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Separability of Duration Dependence and Unobserved Heterogeneity


  • Turon, Hélène

    () (University of Bristol)


Mixed proportional hazard models are commonly used to estimate duration dependence and unobserved heterogeneity in unemployment exit rates. Some strong assumptions are made in this framework, i.e. that the various influences on the individual unemployment exit rate are separable. The model we use in this paper allows for both the individual duration dependence pattern and the inflow composition to exhibit cyclical variations, thereby relaxing two of the three separability assumptions. The aim of this paper is to assess the validity of the third separability assumption, namely that the duration dependence pattern is the same for all individuals.

Suggested Citation

  • Turon, Hélène, 2003. "Separability of Duration Dependence and Unobserved Heterogeneity," IZA Discussion Papers 754, Institute for the Study of Labor (IZA).
  • Handle: RePEc:iza:izadps:dp754

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    References listed on IDEAS

    1. Heckman, James & Singer, Burton, 1984. "A Method for Minimizing the Impact of Distributional Assumptions in Econometric Models for Duration Data," Econometrica, Econometric Society, vol. 52(2), pages 271-320, March.
    2. Meyer, Bruce D, 1990. "Unemployment Insurance and Unemployment Spells," Econometrica, Econometric Society, vol. 58(4), pages 757-782, July.
    3. Olivier Jean Blanchard & Peter Diamond, 1994. "Ranking, Unemployment Duration, and Wages," Review of Economic Studies, Oxford University Press, vol. 61(3), pages 417-434.
    4. Machin, Stephen & Manning, Alan, 1999. "The causes and consequences of longterm unemployment in Europe," Handbook of Labor Economics,in: O. Ashenfelter & D. Card (ed.), Handbook of Labor Economics, edition 1, volume 3, chapter 47, pages 3085-3139 Elsevier.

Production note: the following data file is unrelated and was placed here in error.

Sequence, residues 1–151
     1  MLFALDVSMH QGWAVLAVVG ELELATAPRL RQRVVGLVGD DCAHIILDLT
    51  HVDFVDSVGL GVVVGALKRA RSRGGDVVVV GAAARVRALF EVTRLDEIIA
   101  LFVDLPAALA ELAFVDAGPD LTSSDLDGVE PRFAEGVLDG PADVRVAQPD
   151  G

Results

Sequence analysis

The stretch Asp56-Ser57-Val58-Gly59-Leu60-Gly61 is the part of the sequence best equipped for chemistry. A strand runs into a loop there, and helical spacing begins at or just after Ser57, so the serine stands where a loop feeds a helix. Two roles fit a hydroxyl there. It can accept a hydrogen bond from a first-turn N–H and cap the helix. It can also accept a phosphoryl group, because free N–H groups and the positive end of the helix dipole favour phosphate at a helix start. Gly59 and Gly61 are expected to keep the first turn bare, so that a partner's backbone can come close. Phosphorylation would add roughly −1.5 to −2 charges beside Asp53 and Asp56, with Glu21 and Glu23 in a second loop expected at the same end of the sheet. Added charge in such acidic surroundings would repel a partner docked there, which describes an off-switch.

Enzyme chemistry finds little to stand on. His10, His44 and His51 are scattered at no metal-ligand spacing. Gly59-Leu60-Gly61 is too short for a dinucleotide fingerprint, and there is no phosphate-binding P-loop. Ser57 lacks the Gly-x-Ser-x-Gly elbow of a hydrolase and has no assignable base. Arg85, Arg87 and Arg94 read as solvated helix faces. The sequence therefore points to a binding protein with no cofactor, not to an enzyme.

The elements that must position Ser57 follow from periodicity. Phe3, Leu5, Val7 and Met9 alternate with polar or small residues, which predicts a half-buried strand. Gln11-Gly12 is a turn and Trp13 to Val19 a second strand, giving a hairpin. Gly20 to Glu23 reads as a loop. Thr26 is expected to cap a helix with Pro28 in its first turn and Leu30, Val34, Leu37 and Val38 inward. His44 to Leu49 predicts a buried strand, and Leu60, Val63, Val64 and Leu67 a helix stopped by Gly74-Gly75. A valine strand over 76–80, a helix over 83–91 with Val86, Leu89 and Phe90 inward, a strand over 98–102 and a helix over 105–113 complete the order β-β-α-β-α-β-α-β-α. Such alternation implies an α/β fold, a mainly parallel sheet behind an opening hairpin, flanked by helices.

5. Jackman, Richard & Layard, Richard, 1991. "Does Long-term Unemployment Reduce a Person's Chance of a Job? A Time-Series Test," Economica, London School of Economics and Political Science, vol. 58(229), pages 93-106, February.
    6. Abbring, Jaap H & van den Berg, Gerard J & van Ours, Jan C, 2001. "Business Cycles and Compositional Variation in U.S. Unemployment," Journal of Business & Economic Statistics, American Statistical Association, vol. 19(4), pages 436-448, October.
    7. Abbring, Jaap H. & van den Berg, Gerard J. & van Ours, Jan C., 2002. "The anatomy of unemployment dynamics," European Economic Review, Elsevier, vol. 46(10), pages 1785-1824, December.
    8. van den Berg, Gerard J & van Ours, Jan C, 1996. "Unemployment Dynamics and Duration Dependence," Journal of Labor Economics, University of Chicago Press, vol. 14(1), pages 100-125, January.
    9. Arulampalam, Wiji & Booth, Alison L & Taylor, Mark P, 2000. "Unemployment Persistence," Oxford Economic Papers, Oxford University Press, vol. 52(1), pages 24-50, January.
    10. Baker, Michael, 1992. "Unemployment Duration: Compositional Effects and Cyclical Variability," American Economic Review, American Economic Association, vol. 82(1), pages 313-321, March.
    11. Kalwij, Adriaan, 2001. "Individuals' Unemployment Durations over the Business Cycle," IZA Discussion Papers 369, Institute for the Study of Labor (IZA).
    12. Ben Lockwood, 1991. "Information Externalities in the Labour Market and the Duration of Unemployment," Review of Economic Studies, Oxford University Press, vol. 58(4), pages 733-753.
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    Cited by:

    1. Xavier Joutard & Luis A.I. Sagaon Teyssier, 2006. "Unemployment and employment dynamics in the Mexican segmented labour market," Working Papers halshs-00410460, HAL.

    More about this item


    unemployment outflow rate; regional and age group data; mixed proportional hazard;

    JEL classification:

    • J64 - Labor and Demographic Economics - - Mobility, Unemployment, Vacancies, and Immigrant Workers - - - Unemployment: Models, Duration, Incidence, and Job Search

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